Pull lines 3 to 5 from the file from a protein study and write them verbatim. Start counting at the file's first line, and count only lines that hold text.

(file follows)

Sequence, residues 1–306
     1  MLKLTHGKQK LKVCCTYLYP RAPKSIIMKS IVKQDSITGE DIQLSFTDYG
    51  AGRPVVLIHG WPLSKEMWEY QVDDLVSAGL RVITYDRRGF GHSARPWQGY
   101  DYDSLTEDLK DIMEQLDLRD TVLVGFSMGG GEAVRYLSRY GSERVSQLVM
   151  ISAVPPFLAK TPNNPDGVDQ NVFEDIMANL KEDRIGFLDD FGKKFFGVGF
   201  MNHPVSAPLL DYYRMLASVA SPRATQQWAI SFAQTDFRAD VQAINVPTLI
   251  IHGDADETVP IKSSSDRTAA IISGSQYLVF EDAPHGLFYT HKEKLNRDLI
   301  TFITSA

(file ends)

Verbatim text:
    51  AGRPVVLIHG WPLSKEMWEY QVDDLVSAGL RVITYDRRGF GHSARPWQGY
   101  DYDSLTEDLK DIMEQLDLRD TVLVGFSMGG GEAVRYLSRY GSERVSQLVM
   151  ISAVPPFLAK TPNNPDGVDQ NVFEDIMANL KEDRIGFLDD FGKKFFGVGF